Trade expansion will pay for canal upgrade, Panama says

23/03/2010 | Lucien Chauvin

Officials say that recent trade figures justify their confidence that the canal expansion, due to be completed in 2014, will pay for itself

Panamanian officials say that recent trade figures justify their confidence that the canal expansion, due to be completed in 2014, will pay for itself.

Despite the drop in world commerce last year, revenue from the canal was up 4%. Volume was off slightly for the year, but did increase by 3.5% in the final three months of the year.

More encouraging, according to Deputy Finance Minister Dulcidio de la Guardia, are numbers for volume at the Colon Free Zone, which were up 17% at the start of this year compared to 2009.

“Trade will continue to grow. This is a trend that is not going to change,” de la Guardia said. “The all-water route is much cheaper than land-water routes, and we are going to take market share from them.”

The canal expansion, which is in full swing with the construction of new locks, will require $5.2 billion in investment by its 2014 completion. The largest component, $3.2 billion for new locks, was awarded in July 2009 to a four-member consortium. It is on time and new estimates actually have the cost at around $290 million lower than forecast.

Panama is financing the expansion with loans from five development agencies: the IDB ($400 million), Andean Corporation for Development ($300 million), European Investment Bank ($500 million), Japan Bank for International Cooperation ($800 million), and the International Finance Corporation ($300 million). The rest is being paid for by users through an increase in rates.

The US is the canal’s largest user, followed by China and Chile. De la Guardia said China’s continued appetite for raw materials will guarantee increasing volume flows with the new canal “lane.”

But there are big investments in alternatives to – and competition for – the Panama Canal. Brazil and Peru, for example, are concluding several projects that will connect the Atlantic and Pacific oceans.

The most watched is an all-weather highway that will connect Sao Paulo with ports in southern Peru. Brazil is financing most of the $1.5-billion project, which should be concluded early next year.

This will give Brazil opportunities to move products overland through Peru and then on to China, and ease Chniese exports of manufactured goods to Brazil. There are two other inter-oceanic links, which will use highways and rivers to move goods.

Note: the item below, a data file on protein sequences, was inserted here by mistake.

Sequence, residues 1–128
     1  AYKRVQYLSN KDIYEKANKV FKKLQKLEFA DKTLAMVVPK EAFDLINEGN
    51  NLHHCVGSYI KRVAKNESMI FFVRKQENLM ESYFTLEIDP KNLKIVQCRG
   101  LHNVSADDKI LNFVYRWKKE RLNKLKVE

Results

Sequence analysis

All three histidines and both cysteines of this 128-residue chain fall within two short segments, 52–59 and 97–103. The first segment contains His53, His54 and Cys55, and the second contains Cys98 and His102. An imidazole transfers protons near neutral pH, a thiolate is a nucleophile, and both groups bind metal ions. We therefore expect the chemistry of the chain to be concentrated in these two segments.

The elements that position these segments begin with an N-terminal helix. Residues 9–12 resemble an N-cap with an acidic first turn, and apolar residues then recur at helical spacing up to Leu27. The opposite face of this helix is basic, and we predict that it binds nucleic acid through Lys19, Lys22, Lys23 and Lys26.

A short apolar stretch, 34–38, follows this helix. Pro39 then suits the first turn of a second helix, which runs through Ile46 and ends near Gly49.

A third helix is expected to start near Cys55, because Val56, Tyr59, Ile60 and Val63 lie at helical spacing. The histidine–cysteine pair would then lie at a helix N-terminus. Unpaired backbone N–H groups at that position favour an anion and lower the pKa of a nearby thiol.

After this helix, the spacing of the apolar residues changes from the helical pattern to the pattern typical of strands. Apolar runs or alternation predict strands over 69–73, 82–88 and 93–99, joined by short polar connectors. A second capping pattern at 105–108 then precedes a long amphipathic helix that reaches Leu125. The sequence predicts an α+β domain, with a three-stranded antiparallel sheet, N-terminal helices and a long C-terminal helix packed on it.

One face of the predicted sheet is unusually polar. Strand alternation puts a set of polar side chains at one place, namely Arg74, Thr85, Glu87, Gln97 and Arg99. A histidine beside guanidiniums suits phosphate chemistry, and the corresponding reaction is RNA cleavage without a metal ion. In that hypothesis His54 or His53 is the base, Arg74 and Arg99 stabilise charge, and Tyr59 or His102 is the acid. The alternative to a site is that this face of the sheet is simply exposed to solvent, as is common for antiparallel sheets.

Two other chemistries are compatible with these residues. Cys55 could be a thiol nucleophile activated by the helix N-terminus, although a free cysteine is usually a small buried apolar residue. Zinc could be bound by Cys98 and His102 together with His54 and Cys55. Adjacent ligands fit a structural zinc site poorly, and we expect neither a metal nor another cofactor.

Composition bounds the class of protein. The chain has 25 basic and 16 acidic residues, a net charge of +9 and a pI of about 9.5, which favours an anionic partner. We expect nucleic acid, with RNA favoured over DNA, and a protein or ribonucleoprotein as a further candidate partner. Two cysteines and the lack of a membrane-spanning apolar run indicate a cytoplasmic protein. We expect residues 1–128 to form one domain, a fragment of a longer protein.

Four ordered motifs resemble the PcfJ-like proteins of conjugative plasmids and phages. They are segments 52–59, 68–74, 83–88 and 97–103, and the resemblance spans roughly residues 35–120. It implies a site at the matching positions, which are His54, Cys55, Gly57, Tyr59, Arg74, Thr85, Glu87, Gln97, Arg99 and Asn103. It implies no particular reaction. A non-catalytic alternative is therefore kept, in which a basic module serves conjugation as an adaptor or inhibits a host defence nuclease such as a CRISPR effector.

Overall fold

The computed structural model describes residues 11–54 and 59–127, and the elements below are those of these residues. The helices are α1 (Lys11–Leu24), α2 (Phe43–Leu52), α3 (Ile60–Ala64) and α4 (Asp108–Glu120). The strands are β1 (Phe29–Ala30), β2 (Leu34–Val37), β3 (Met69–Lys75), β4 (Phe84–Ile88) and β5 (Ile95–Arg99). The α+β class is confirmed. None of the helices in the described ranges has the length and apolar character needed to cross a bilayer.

Peru is offering concessions this year to build ocean and river ports, and President Alan Garcia has invited Brazilian and Chinese investors to use Peru as a “platform” for trade. Brazil and Ecuador have a similar plan to create a river-highway intermodal link, but this is not as advanced as the Peruvian projects.

De la Guardia said Panama is not concerned. “The expansion will let larger ships move raw materials from Argentina, Brazil and the US to China at costs much lower than any other routes.

“This is a benefit that is already recognized and can be seen in the investment in port along the US eastern seaboard to receive larger ships.”

Related stories

  • Making the bond markets work for CEE infrastructure

    If the central and eastern European countries’ vast infrastructure investment gap is ever to be bridged, then private capital via the bond markets will have to be harnessed

  • Fears mount that Ukraine's Greek-style drama will become ...

    Negotiations between Ukraine’s government and a committee of its bondholders over its $23bn debt dissolved into acrimony this week, amid fears that only a haircut for investors will avert default

  • CEE urged to tap Asia for DCM lessons

    The gap between infrastructure needs and investment in Central and Eastern Europe shows why the region needs to learn lessons from Asia on how to build deep debt capital markets, according to leading bankers

  • Crisis ahead for Croatia without dramatic changes, warn ...

    A terrible cocktail of a vast debt pile, large fiscal deficit and lack of growth has pushed Croatia’s debt profile precariously close to unsustainable levels. Without comprehensive structural reforms, many believe the country’s economy will be in crisis by the end of the decade.

  • Exports, not invasion, biggest Russian risk for Lithuania

    Rimantas Šadžius, Lithuania’s finance minister, tells Emerging Markets how Russia’s weak economy and currency are making conditions tough for the Baltic country, but that reliance on Russian energy is falling.


Editor's Picks


In Focus

  1. Georgian jewel shines bright against Russian darkness

  2. Ukraine taps private sector and Georgia to reform conflict-ravaged economy